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Bluegum trees – well-known immigrants from Australia

The bluegum tree Eucalyptus globulus has become a common sight on many South African ranches and farms but it is now being regarded as a thirsty invader. It is one of more than 700 species of gum tree that occur mostly in Australia. The name Eucalyptus is of Greek origin and consists of the words eu (well) and kalyptos (covered). It refers to the calyx that covers the flowers of this genus. Eucalyptus globulus that has been introduced to South Africa was first described scientifically in 1800 by the botanist Jacques Labillardiere from Recherce Bay in Tasmania, Australia. The name globulus is Latin for a globe and refers to the shape of the fruit.

Eucalyptus shrubs and trees of the family Myrtaceae are almost entirely limited to Australia with only some 15 species occurring in the adjacent regions and with Corymbia and Angophora being related genera. Eucalyptus developed from Gondwana tropical rain forest plants some 35 to 50 million years ago in a land mass that still contained Australia and New Guinea, the last two tectonic plates to break away from Gondwana 66 to 55 million years ago. The current Antarctic Ice Cap only developed some 5 to 15 million years ago. At the time of breaking away from Gondwana, Australia and New Guinea were humid and covered in tropical rain forests because they had been located near the equator 452 million years ago. Over time, Gondwana slowly rotated until Australia and New Guinea were near the South Pole before they broke away to drift north-eastwards towards Indonesia. Some 20 million years ago Australia started to become arid and lose its soil nutrients which led to vegetation that was dominated by Casuarina and Acacia in open forests. When the Australian climate became more arid 15 million years ago Eucalyptus species became the dominant plants in Australia. This process became more advanced in central Australia when the ice sheet over Western Australia started to melt some 5 to 3 million years ago. Because Australia has no effective geographical barriers such as large rivers and great mountain chains to prevent the spread of fire, Eucalyptus species gradually displaced much of the original Gondwana rain forests except in some localized places....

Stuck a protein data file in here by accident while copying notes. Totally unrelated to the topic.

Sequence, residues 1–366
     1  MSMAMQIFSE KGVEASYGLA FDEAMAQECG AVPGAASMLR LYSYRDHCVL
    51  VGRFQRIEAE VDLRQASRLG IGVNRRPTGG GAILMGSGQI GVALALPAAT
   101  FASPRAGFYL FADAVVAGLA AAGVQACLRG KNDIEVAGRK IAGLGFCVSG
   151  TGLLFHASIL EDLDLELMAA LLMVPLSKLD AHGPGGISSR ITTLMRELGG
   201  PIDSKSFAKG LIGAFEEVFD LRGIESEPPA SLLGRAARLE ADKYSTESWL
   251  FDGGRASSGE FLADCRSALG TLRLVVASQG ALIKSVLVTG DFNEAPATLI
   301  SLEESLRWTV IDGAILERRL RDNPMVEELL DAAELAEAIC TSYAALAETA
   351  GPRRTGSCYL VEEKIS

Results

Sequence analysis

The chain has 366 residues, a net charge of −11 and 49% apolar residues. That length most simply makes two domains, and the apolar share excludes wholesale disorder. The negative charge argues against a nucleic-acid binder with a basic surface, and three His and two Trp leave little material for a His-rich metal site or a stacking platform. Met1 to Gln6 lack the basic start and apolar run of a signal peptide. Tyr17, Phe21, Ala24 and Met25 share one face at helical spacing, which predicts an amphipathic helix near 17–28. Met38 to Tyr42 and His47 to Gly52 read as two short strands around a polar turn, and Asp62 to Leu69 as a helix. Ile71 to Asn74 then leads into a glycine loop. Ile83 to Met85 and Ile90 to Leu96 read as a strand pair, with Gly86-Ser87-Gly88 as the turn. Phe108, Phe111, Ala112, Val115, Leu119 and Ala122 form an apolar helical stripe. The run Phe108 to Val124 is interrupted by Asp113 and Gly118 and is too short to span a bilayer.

References:

Anon. 2012. Eucalyptus regnans. http://en.wikipedia.org.wiki/Eucalyptus_regnans - last modified on 31 December 2012.

Anon. 2013. Eucalyptus. http://www.en.wikipedia.org/wiki/Eucalyptus - last modified on 20 January 2013.

 

By: Prof J du P Bothma

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